The Commons order paper for today just indicates "Ministerial Statements (if any)", and there also seems to have been a rather makeshift media operation in place (the copy of the statement that I have seen through my trade union network is faxed, incomplete and partially illegible; and the statement appears to have found its way on to the DCSF website a good 2-3 hours after the news first hit the broadcast media), suggesting that the presenting of this statement has been rushed to get it out today rather than, say, tomorrow or Thursday or Friday. The electronic and broadcast media attention will therefore be taking place on Tuesday afternoon/evening, with the print media attention on Wednesday morning.

So what is special about Wednesday morning?

Bishop O'Donoghue and others are due to give evidence to a meeting of the Commons Select Committee that shadows the DCSF. The purpose of that meeting? To examine the place of faith schools in the education service. Am I being too cynical?

A last point to note: the Secretary of State has, in his statement, announced a series of steps to ensure an end to some of the non-compliant practices that were identified in the (unverified) sample data. But, notice, none of these steps in any way relate to the religious character or otherwise of the schools concerned. So even if we grant that it is schools with a religious character that are breaching the code (and that I don't grant), the non-compliant practices do not relate to the religious character of the school anyway.

1 comment:

Joe said...

Herewith the news release of the British Humanist Association in response to the DCSF statement. My comments in italics. It does show up the disingenuity of the Secretary of State's statement.

Faith schools breaking admissions laws I'll forgive them their headline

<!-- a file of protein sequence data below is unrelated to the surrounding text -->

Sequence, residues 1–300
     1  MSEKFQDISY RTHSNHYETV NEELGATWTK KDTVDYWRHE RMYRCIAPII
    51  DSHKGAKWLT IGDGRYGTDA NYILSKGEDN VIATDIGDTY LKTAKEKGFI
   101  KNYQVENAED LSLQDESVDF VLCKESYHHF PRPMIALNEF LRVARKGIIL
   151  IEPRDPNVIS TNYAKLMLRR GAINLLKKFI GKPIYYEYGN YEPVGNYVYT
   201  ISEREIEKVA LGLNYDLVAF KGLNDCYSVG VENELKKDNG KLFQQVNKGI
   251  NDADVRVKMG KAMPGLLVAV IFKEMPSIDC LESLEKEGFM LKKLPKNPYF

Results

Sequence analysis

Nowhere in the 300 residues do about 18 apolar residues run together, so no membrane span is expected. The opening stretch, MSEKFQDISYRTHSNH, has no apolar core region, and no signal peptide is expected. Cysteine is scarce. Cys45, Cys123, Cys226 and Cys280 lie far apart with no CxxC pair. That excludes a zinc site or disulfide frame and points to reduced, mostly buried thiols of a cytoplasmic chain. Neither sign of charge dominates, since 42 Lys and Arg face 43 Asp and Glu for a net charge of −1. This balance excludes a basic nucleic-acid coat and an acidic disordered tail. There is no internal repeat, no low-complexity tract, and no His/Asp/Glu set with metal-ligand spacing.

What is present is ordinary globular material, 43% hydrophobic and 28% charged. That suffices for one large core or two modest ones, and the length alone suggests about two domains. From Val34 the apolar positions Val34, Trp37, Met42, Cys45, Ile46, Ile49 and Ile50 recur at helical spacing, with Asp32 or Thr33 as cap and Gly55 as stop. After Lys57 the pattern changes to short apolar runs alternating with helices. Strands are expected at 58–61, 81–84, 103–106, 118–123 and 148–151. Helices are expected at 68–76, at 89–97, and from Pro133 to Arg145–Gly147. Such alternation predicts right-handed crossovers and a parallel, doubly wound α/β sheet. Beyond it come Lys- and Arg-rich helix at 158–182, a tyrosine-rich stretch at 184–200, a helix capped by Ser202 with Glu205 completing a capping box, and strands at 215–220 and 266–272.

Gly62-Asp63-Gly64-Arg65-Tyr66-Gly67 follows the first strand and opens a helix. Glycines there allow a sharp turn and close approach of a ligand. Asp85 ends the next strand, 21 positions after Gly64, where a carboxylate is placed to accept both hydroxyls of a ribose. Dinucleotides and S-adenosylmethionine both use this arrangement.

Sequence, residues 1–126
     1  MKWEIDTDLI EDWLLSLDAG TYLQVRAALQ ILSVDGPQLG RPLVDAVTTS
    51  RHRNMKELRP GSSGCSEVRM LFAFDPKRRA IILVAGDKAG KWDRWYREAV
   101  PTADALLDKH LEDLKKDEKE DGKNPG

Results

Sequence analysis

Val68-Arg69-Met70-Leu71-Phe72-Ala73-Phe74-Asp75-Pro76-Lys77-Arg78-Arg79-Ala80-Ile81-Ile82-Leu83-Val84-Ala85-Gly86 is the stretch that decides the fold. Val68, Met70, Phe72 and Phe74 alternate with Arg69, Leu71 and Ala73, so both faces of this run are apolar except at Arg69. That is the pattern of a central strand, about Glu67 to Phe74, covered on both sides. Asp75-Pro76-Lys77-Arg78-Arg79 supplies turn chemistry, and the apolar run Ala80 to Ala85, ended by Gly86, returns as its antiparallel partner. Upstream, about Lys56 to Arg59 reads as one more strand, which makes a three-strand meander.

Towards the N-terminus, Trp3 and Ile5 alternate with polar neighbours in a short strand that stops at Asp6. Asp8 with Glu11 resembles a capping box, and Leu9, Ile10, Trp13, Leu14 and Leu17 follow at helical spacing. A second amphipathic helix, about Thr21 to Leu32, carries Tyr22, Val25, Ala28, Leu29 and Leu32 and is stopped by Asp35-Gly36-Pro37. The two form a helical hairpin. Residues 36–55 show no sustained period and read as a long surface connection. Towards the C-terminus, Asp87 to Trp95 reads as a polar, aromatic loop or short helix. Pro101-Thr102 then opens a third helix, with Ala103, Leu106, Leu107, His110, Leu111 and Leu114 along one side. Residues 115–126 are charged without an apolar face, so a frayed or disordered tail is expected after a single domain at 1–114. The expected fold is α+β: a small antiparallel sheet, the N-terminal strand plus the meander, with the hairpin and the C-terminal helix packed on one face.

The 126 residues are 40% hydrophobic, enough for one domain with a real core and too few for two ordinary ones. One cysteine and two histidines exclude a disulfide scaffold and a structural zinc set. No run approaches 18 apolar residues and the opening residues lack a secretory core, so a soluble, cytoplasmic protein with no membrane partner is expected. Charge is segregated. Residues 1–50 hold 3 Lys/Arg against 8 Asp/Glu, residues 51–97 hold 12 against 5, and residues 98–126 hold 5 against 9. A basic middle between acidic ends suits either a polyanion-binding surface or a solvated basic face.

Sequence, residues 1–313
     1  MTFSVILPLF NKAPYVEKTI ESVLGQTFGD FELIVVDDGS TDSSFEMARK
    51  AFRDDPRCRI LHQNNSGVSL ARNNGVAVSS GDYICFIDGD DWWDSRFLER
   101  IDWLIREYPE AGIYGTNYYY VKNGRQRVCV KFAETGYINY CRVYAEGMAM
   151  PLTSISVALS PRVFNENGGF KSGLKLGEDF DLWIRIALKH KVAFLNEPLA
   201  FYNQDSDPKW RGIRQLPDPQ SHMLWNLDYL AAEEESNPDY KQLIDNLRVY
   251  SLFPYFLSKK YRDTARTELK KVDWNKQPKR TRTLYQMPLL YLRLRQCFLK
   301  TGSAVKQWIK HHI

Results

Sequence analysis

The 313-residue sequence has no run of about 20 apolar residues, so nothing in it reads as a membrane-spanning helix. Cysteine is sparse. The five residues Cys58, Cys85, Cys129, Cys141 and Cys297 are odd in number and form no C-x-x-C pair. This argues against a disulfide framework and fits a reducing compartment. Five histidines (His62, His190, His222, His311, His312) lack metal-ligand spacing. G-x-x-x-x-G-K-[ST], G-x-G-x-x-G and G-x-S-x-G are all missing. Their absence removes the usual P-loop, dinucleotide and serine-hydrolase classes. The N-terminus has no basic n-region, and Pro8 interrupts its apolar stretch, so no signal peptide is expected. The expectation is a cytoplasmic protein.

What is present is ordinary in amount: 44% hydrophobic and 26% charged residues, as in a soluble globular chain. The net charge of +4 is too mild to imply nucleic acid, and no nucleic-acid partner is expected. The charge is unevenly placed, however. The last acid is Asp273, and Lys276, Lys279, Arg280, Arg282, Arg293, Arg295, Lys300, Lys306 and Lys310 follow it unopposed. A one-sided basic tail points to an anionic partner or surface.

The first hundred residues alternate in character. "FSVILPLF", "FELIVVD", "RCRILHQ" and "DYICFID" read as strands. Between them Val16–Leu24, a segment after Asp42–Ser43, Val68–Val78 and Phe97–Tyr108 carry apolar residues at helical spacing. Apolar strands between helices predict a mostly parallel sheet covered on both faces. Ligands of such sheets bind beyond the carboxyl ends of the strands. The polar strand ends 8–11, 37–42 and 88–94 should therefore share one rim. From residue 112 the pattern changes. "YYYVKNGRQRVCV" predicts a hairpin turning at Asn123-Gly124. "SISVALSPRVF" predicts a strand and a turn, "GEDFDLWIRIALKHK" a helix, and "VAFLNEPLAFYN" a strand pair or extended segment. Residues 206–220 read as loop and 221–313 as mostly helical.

The British Humanist Association (BHA) has responded to reports today that many but a "large majority" appear not to be acting illegally, remember state schools are operating illegal admissions arrangements. Most of the schools breaking the rules are reported to be ‘faith’ schools Striclty speaking, no. They are reported to be voluntary aided or foundation. The Secretary of State carefully made no reference to their religious character or otherwise and it is thought that abuse of the system could be widespread across the country. The DCSF/Secretary of State expressed no opinion on this in their statement

Andrew Copson, Director of Education and Public Affairs at the BHA, commented. “The BHA has been arguing for years that many faith schools use social selection to pick the brightest and most affluent pupils, but even we were shocked by the flagrant illegality of these schools’ behaviour. It shows in the starkest terms how faith schools rely on selection, not ethos, to maintain their results. What is most concerning is that these abuses came to light after the Department for Children, Schools and Families looked in detail No, the DCSF did not look in detail - they are now having to go back and verify their data. They were just looking at a sample at procedures in just three Local Education Authorities. That means that there are still 147 more LEAs where this could still be going on. What further evidence does the government need to convince them that reform of state funded faith schools is now essential?” None of the practical steps to improve compliance with the Admissions Code announced by the Secretary of State in his statement relate to the religious character of the schools, so this is a red herring.

As Fr Tim would say, if you haven't got a story, don't worry. You can just make it up ..